ROME – During a Mass for men and women who are either consecrated or in religious orders, Pope Francis urged those who have made vows to always find new joy in Jesus despite the challenges they face in dwindling numbers, the lure of worldliness, cultural resistance and conflicts.

In his Feb. 2 Mass for the feast of the Presentation of the Lord, which also marked the celebration of the 26th Day for Consecrated Life, the pope reflected on the actions of Simeon and Anna in the Gospel passage describing Jesus’ presentation in the temple.

Simeon, he said, is first “moved by the Spirit; then he sees salvation in the Child Jesus and finally he takes him into his arms.”

Speaking directly to attendees, he asked, “Who mostly moves us? Is it the Holy Spirit, or the spirit of this world? This a question that everyone, consecrated persons in particular, needs to ask.”

At times, there is a temptation in consecrated life to see the vocation “only in terms of results, goals and success: we look for influence, for visibility, for numbers,” he said. However, God “asks for none of this,” but rather asks religious “to cultivate daily fidelity and to be attentive to the little things entrusted to our care,” the pope said.

Just as Simeon and Anna were moved by the expectation and hope of the spirit, Francis urged men and women religious to reflect on what motivates their own days, asking, “What is the love that makes us keep going? Is it the Holy Spirit, or the passion of the moment? How do we ‘move’ in the Church and in society?”

Even when good works are performed, at times “the canker of narcissism, or the need to stand out, can be concealed,” he said, noting that in other cases, one’s daily tasks inside the community “can appear moved more by mechanical repetition – acting out of habit, just to keep busy – than by enthusiastic openness to the Holy Spirit.”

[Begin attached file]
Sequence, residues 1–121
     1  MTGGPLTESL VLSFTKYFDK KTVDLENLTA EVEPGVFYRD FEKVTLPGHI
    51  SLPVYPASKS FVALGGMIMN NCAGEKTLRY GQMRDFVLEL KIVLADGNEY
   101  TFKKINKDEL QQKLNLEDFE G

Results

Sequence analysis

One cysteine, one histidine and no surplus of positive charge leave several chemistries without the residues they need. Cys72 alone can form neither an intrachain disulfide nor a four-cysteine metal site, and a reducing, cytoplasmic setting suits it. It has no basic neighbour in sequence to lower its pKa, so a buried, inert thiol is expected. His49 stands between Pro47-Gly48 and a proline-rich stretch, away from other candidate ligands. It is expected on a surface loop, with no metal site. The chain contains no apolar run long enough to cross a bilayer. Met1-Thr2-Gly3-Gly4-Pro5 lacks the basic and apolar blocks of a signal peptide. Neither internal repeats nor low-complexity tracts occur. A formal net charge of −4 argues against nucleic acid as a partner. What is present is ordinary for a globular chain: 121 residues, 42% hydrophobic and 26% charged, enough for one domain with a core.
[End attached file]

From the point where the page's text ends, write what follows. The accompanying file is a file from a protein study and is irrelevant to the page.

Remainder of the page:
He urged consecrated men and women to make an evaluation of their motives and actions, “so that the renewal of consecrated life may come about, first and foremost, from there.”

Referring to Simeon’s ability to see salvation in the child Jesus, Pope Francis said true faith is able to open eyes, change perspectives, and transform one’s gaze.

This gaze, he said, “is not naïve, fleeing reality and refusing to see problems,” but is one that can “‘look within’ and ‘see beyond’ … A gaze that does not stop at appearances, but [which] can enter into the very cracks of our weaknesses and failures, in order to discern God’s presence even there.”

Just as Simeon in his old age saw the Lord, “What about us? What do our eyes see? What is our vision of consecrated life?” the pope asked.

While much of the secular world sees consecrated life as useless, a waste or “a relic of the past,” the Christian community, and men and women religious in particular, he said, must have a different vision.

“What do we see? Are our eyes turned only inward, yearning for something that no longer exists, or are we capable of a farsighted gaze of faith, one that looks both within and beyond?” he asked, saying he is edified whenever he sees older consecrated men and women “whose eyes are bright” and who “continue to smile and, in this way, to give hope to the young.”